Roland is and always has been a name synonymous with electronic, dance music making machines. Throughout the last 30+ some odd years, we’ve seen kit ranging from well-known TR style drum machines, robust analog synthesizers to some of the most forward-thinking digital synth technologies of our time. To commemorate their succession, Roland introduces the JD-Xi mini keyboard which explores a rare combination of all these facets in what they coin as the new ‘interactive analog/digital crossover synthesizer.’
Designed as a miniature polyphonic powerhouse, Roland has amalgamated a monophonic analog section with their patented ‘SuperNatural’ digital synth engine for a new hybrid synthesizer, drum machine, groove box. If you’re looking for sonic variety at a reasonable price point in a small portable package… do read on.
First off, consider the JD-Xi a small format keyboard that’s impressive for its price range. As I quickly discovered, it’s much more powerful than initially assumed and the amount of functionality you get for under €500 is pretty remarkable.
Despite the über-plastic casing and budget feel of the encoders and buttons, it’s a powerful synthesizer… 128 digital voices, shared between 2 PCM-based digital synths, a drum part (26 voices) and 1 analog voice for a grand total of 129 voices across four parts.
The JD-Xi sports a 3-octave miniature keyboard (velocity sensitive but no aftertouch) with tiny pitch and mod wheels. For quickly sketching out ideas sans computer, there’s a built-in 32 step pattern sequencer with real time, TR style and step recording.
The ‘Menu’ button grants users access to an abundance of editing options for dialing in elaborate sound creations.
The JD-Xi functions as an audio/MIDI interface via a single USB 2 connection. You’ll need to head over to Roland’s website and download the proprietary driver to get it up and running. While you’re there, be sure to download the latest firmware update as it fixes bugs and offers several welcomed enhancements.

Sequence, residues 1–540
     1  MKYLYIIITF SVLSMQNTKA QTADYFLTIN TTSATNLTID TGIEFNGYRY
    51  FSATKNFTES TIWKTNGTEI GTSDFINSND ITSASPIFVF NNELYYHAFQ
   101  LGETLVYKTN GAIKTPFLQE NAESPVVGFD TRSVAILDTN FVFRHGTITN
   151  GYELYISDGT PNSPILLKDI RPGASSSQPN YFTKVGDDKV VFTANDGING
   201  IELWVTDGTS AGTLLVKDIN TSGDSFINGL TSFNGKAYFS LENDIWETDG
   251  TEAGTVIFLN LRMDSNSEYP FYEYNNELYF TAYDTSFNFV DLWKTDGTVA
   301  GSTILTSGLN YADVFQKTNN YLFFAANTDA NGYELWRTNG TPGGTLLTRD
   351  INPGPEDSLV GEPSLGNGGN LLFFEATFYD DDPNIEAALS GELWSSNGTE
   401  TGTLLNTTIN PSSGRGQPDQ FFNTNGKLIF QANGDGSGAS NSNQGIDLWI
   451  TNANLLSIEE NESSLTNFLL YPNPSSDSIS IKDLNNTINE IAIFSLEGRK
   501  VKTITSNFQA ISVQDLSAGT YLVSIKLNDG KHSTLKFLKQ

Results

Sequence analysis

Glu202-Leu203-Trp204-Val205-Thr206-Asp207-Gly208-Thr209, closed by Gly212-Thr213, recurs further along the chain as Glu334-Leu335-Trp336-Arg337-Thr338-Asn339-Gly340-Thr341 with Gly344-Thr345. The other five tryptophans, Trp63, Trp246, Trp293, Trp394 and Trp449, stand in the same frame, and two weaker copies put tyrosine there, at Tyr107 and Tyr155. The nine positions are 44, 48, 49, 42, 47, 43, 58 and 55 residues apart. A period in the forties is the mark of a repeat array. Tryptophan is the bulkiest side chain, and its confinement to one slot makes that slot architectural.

If you prefer connecting the JD-Xi to your audio interface, you can do so via the two 1/4-inch output jacks. There’s also an additional 1/4-inch headphone output. I’m satisfied seeing that they didn’t skimp and opt for consumer style 1/8-inch connections.
On the input side of things, like the MicroKorg or the Novation MiniNova, the JD-Xi comes equipped with an XLR gooseneck microphone for the onboard vocoder. There’s an additional 1/4-inch mono input that switches between line and guitar settings. You can employ the Vocoder or Auto Note function on either the line-in, guitar or mic input.
You can get interesting results by using Auto Note to detect the pitch of your voice or input signal to play notes. As indicated in the owners manual: "The Vocoder, AutoPitch, and Auto Note functions are optimized for vocal input. Unexpected sound may result if you input audio from another source." To put it to the test, I experimented with routing various types of audio signals out of my interface and into the line input. You might be hard pressed to get realistic translations, but if you’re open to more experimental results this is an interesting area to investigate.
Another fine example of don’t judge a book by its cover. Glancing at the controls atop the unit, you’d assume the JD-Xi to be a bit of a simpleton. Suffice to say the front panel offers a very simplified set of controls. For example, there’s a single knob dedicated to controlling a parameter labeled ‘Envelope’ and likewise for each one of the four onboard effects.
Upon further inspection… enter the underworld… menus and submenus of editable parameters upon parameters. These waters indeed flow deep. Pressing the ‘Menu’ button grants users access to an abundance of editing options for dialing in elaborate sound creations. It’s here that you’ll find a treasure trove of programing options: tone, effects, pattern scale, arp and much much more.